United Nations Malaysia Marks 63rd Anniversary with A Focus on PeaceOct 24, 2008
24 October 2008, Kuala Lumpur – The United Nations Country Team joined the Ministry of Foreign Affairs Malaysia, the diplomatic missions, government agencies, academic institutions, civil society and the media in observing the 63rd anniversary of the founding of the organisation in an event which centred around the voices of young Malaysians carrying the message of peace and unity in Kuala Lumpur today.
As the UN Day was observed in over 190 counties around the world, a Peace Tree, carrying the pledges of Malaysians from all walks of life to make peace a priority and to uphold the universal values of peace, human rights, freedom and justice in their own capacities, was dedicated in the simple ceremony. Hundreds of people living in Malaysia sent in their personal expressions of peace to the UN leading up to the event, which will be displayed at the Wisma UN building for a year.
In his Welcome Address, Mr. Youssouf Oomar, Acting UN Resident Coordinator, said, “ For the past few weeks, we have heard the voices from all communities on what peace means to them. Today, we are sending a powerful and enduring message that peace remains a top priority for Malaysians, just as it remains the United Nations’ highest calling. ”
A key feature of the commemorative event was the opening performance by 15 year old singer/songwriter Jes Ebrahim Izaidin of the Tree Theatre Group, who take centre stage with his composition, titled, “Ke Mananya Pergi Keamanan?” In his song, the harrowing cries of youth are heard, urging world leaders to consider carefully the far reaching impacts of war and the chaos and destruction that it leaves in its wake.
Volunteering their efforts to this year’s event were the students by students from the Help University College with their poetry recital of the “Peace Poem.” Authored by primary and secondary school children from 38 participating countries, the poem imagines a world where peace survives not only because of the absence of war, but lives in the way people see and treat each other.
Also joining this year’s celebrations were the children from Pusat Jagaan Nur Salam, an activity center and 'safehouse' that provides a safe, healthy and loving environment for children from the Chow Kit area in Kuala Lumpur, who ended the day’s festivities by hanging their own Peace Pledges for a world free from violence and conflict to the Peace Tree.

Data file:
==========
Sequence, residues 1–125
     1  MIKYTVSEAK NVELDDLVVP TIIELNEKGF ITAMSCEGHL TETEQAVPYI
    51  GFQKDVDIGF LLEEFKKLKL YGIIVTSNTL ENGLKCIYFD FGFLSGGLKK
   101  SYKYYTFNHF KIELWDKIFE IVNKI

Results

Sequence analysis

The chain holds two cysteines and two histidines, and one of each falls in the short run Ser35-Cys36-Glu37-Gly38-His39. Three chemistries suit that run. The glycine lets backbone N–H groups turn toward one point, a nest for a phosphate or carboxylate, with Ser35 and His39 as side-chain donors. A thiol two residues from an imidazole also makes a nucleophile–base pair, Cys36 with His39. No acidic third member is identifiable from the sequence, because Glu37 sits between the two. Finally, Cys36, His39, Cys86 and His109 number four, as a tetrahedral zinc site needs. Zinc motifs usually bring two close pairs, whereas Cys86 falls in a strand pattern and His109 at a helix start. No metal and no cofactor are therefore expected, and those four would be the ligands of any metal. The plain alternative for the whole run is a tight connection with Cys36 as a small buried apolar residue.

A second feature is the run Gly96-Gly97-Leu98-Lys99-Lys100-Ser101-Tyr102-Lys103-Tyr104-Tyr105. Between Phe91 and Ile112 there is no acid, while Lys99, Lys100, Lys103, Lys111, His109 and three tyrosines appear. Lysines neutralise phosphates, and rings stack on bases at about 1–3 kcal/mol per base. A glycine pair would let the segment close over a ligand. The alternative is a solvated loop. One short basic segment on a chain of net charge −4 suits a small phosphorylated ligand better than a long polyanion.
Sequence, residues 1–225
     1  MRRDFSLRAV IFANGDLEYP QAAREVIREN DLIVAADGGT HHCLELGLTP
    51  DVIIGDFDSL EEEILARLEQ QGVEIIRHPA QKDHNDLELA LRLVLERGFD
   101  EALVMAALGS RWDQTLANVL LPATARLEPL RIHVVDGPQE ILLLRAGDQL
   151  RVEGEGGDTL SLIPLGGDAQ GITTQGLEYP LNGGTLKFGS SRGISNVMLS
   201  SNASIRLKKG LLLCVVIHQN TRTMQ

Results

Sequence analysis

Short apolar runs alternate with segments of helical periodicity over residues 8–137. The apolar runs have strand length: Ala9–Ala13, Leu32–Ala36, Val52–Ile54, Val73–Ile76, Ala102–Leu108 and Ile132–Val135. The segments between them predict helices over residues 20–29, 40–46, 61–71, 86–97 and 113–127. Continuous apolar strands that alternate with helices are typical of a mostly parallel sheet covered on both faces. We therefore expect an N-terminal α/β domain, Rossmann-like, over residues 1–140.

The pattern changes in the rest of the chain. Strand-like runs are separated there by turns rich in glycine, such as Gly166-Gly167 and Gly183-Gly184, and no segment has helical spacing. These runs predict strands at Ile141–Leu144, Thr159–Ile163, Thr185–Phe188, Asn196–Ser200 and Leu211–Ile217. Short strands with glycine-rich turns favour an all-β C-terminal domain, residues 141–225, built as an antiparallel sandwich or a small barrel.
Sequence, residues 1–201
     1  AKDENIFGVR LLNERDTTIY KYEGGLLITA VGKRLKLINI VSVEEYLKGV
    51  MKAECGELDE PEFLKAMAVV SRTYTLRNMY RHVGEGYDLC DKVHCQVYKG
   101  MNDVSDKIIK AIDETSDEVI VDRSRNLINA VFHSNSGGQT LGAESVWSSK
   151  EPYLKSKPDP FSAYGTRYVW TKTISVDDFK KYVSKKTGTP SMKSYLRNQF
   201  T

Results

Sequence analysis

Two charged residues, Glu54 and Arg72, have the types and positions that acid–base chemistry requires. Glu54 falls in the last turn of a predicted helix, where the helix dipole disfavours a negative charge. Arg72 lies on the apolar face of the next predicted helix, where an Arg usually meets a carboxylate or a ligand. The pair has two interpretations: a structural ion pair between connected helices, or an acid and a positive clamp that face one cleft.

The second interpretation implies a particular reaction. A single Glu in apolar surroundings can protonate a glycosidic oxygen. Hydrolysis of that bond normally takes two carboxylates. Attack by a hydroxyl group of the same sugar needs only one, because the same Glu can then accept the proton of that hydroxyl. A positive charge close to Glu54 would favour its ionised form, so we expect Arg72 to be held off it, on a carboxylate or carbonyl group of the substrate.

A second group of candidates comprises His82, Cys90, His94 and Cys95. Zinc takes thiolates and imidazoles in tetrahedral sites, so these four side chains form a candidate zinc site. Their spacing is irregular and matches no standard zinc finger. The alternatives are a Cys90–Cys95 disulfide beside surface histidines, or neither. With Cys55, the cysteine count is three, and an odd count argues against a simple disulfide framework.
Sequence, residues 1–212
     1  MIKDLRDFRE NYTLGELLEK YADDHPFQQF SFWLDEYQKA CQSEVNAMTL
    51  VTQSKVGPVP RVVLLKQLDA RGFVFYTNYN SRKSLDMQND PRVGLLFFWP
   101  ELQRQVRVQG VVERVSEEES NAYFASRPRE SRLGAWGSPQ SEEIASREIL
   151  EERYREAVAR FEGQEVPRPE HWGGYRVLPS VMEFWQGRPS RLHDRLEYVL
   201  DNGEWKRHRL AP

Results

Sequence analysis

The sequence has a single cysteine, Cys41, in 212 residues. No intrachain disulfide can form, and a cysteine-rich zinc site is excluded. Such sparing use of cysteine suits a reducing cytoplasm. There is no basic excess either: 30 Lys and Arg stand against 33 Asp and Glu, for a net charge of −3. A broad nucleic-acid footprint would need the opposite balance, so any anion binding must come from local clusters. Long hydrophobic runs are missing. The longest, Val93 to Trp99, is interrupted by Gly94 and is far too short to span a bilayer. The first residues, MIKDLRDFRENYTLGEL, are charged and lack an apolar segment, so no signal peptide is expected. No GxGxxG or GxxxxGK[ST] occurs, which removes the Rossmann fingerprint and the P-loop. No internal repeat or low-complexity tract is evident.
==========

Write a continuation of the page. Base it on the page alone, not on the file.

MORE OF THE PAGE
“This year’s event has been made more significant because of the strong engagement of our youth. As leaders of tomorrow, young people have a responsibility to be active agents for change and to promote a culture of peace.
“This Day offers an opportunity to reflect on how far we have come in our efforts to give peace a more secure foundation,” Mr. Oomar said.
He added that over the last 63 years, the role of the UN had evolved beyond the realm of peacekeeping and conflict resolution, where the organisation and its agencies were now involved in a vast array of work to improve people’s lives and livelihoods in the developing world.
“24 October also allows us to focus the country’s attention on the crucial relationship between peace and development, which are inexorably linked,” he said.
In his video message screened at the event, UN Secretary-General Ban Ki-moon spoke of the role of the United Nations in advancing the international development agenda.
“This is a crucial year in the life of our United Nations. We have just passed the midpoint in the struggle to reach the Millennium Development Goals -- our common vision for building a better world in the 21st century.
“We can see more clearly than ever that the threats of the 21st century spare no one. Climate change, the spread of disease and deadly weapons, and the scourge of terrorism all cross borders.
‘Let us keep building on the success of the high-level MDG event in September as a way forward. There is no time to lose. On this UN Day, I call on all partners and leaders to do their part and keep the promise,” Mr. Ban said.
The UN was formally established on 24 October 1945 after a majority of its founding members ratified a treaty setting up the world body. The anniversary of that event has been celebrated as United Nations Day since 1948. It has traditionally been marked throughout the world by meetings, discussions and exhibits on the achievements and goals of the organisation.
The functions of the UN, as set forth in its Charter, are to maintain international peace and security; to develop friendly relations among nations; to cooperate in solving international economic, social, cultural and humanitarian problems and in promoting respect for human rights and fundamental freedoms; and to be a centre for harmonizing the actions of nations in attaining these ends.Contact information